What about the RDAs (recommended dietary allowances) for raw foodists? They do not seem to exist. The reason clearly being that the raw, although becoming more and more mainstream, it is still way of the center, to be recognized as a standard. Here is an interesting post by Adam Greer from INHS group on facebook, registered nutritional therapist, my friend,and a member of this forum. I thought it is very interesting and worthwhile of sharing:
Some nutrients, like zinc, calcium, sodium and possibly iron, are set at the level they are because of typical dietary patterns and current available evidence linking these to requirements.
For example, calcium requirements are set at 1000mg in the USA, 800mg in the UK, higher in both countries when post-menopausal (not relevant to you). However, when sodium intakes fall below 1100mg the requirements drop. When animal protein intake falls, to within the recommended total protein requirements, which means an animal protein intake of 4-5% calories maximum and total protein intake of 7-10% calories maximum, then the requirements fall lower still. When animal protein is excluded, calcium requirements may be as low as 450mg per day, according to WHO.
However, insufficient vitamin D status or insufficient total protein intake could still offset this, since protein seems to increase calcium absorption. Additionally, calcium is requireed in a 1:1 ratio with phosophorus as well as 1:1 with magnesium. If phosophorus or magnesium exceed calcium requirements by a ratio of more than 1.5:1 this can lead to low calcium status.
Therefore it is still advised to get a 1:1 ratio. Since many fruits have a ratio that is more in favour of phorphorus or magnesium, but greens have a ratio that is more in favour of calcium than phosphorus, in order to achieve the appropriate ratio, most people would still be wise to hit the 800-1000mg target for calcium on an average basis.
With zinc, technically the recommended amounts are 11-15mg for males and 9-15mg for females. The trouble is these are based on an assumption that most people will be consuming a diet containing either animal sources of zinc, which are more bioavailable, or high in phytates, which make the zinc less bioavailable. On a low phytate or phytate free diet, the zinc requirements may drop significantly more. Possibly as low as 3- 7mg for females and 4-9mg for males.
The trouble is that we have no reference point for intakes from fruit, since all currently available studies have been done on people consuming either phytate rich diets (especially in vegetarians) or people consuming animal products. Other nutrients, such as oxalates and tannins, which are also present in fruit and vegetables, could play a role in increasing zinc requirements in a similar way to phytates, since they also bind to zinc in the gut and inhibit absorption. This makes it hard to be sure how much zinc we actually need.
Sodium requirements are set at around 1600mg per day. However studies have found that many people can adapt to intakes as low as 68mg per day. In some cases, even less. However sodium requirements will depend on chloride intake from the diet, as well as potassium intake. Other factors, such as adrenal function, kidney function, aldosterone production, cholesterol metabolism, which could be influenced by other nutrient deficiencies or chronic stress, will all affect sodium levels and the balance between sodium:potassium in the body, their regulation by the kidneys, and intra-cellular versus extra cellular balance. Temperature outside the body and activity levels will also play a big role in sodium requirements, as will total calorie intake (the more glucose we need, the more sodium we need, to some extent).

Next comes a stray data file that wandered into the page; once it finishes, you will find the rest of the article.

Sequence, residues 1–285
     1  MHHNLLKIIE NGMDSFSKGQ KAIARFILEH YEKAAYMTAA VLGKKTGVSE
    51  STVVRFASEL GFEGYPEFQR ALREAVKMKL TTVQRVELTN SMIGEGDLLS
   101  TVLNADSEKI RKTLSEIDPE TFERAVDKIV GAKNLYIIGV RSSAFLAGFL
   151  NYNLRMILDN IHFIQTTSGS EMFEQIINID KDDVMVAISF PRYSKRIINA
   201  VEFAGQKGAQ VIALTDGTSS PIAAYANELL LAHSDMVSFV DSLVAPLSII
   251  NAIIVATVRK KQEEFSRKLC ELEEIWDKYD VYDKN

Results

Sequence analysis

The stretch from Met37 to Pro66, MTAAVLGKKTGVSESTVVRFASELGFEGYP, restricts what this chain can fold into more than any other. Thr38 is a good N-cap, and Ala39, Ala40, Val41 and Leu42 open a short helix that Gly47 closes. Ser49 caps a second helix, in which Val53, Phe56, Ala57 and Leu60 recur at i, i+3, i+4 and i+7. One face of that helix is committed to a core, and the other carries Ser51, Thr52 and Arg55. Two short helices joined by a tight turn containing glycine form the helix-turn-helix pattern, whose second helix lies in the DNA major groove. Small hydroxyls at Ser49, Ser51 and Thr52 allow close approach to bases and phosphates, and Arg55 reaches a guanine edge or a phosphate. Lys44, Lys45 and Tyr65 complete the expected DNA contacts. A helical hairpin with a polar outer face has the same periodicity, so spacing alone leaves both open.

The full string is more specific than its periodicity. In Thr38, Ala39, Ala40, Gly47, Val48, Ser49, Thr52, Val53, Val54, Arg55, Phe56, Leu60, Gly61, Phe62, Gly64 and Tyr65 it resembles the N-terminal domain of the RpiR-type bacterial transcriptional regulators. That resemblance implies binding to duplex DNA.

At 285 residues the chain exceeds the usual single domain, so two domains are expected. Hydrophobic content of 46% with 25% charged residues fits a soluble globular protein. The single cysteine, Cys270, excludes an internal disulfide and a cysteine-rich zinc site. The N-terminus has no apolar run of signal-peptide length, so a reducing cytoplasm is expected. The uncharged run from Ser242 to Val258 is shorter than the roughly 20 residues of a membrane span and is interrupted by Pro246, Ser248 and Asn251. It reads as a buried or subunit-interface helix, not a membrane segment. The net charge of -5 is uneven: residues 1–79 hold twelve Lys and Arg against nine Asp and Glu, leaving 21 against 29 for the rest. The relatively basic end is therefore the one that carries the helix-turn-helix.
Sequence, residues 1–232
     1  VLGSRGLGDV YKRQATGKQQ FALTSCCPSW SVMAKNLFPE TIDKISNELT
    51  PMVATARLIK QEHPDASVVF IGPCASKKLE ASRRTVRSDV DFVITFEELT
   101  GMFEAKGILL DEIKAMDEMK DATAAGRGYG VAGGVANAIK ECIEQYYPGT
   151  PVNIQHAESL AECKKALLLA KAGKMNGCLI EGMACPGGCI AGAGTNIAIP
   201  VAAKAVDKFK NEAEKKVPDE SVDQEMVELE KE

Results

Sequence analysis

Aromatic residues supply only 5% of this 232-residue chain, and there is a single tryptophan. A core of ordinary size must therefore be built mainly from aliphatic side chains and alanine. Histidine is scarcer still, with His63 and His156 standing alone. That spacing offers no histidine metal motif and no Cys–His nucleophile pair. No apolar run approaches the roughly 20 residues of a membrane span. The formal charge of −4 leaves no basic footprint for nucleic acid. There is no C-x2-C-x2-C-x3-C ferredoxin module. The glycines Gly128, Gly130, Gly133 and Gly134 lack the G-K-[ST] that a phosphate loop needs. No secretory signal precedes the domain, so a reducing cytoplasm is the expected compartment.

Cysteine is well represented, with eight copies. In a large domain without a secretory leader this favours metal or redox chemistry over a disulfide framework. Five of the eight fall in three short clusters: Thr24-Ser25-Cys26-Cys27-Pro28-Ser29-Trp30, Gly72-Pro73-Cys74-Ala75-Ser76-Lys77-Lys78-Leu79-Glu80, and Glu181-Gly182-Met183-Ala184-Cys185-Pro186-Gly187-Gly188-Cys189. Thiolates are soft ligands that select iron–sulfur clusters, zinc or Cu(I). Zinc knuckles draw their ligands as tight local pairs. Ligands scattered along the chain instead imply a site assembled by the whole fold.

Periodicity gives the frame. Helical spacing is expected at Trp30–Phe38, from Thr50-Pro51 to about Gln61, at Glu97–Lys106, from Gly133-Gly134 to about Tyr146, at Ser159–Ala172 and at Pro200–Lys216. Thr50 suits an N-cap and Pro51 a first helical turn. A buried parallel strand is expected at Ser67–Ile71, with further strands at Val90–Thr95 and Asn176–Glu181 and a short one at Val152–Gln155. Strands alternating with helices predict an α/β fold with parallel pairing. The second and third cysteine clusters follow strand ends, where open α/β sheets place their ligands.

In reality, it's normally considered that whilst 68mg is probably ok, for most people with normal kidney and adrenal function, if they are not extremely active, it will take time to adapt to such low intakes, as aldosterone levels will need to adjust approrpriately. This shouldn't take long but full adaptation will vary from individual to individual. Therefore consuming approximately 500mg is considered to be more prudent. This is easily achieved on a diet of fruits and vegetables.
Iron requirements depend on availability of vitamin C, tannins in the diet, gender and whether or not one is menstruating, pregnant, breastfeeding or post-menopausal. Phytates may also have an impact too. There can be significant variations in dietary requirements. In principle, on a diet low in phytates and tannins, and high in vitamin C, could lead to lower iron requirements, for men at least. But not significantly.
Other macromolecules, like omega 6 are also artificially inflated, because they are not technically a recommended target but a reference intake (ie. an observation of what is typical for most people in a given population and therefore what is known to be a safe amount to avoid deficiency). Requirements may be significantly lower, perhaps as low as 1100-6000mg per day (1.1g-6g per day, depending on gender, absorption, calorie intake, total fat intake and enzyme function (ability of the body to produce the longer chain omega 6 fats), as well as total omega 3 intake. Generally, it's still considered wise to consume at least 2- 3g omega 6 per day, and maybe even 6-8g per day, as long as the ratio of omega 6:3 does not exceed a 4:1 ratio.
We don't know a lot about actual requirements on a fruit based diet. Indeed, most countries have shifted away from recommended nutrient intakes to reference nutrient intakes or dietary reference values, to indicate what we at least know will be sufficient for 95-97.5% of the population to prevent deficiency. I think it's still generally prudent to air on the side of caution and aim to meet as closely as possible, the amounts set by at least the WHO, if not your own health associations.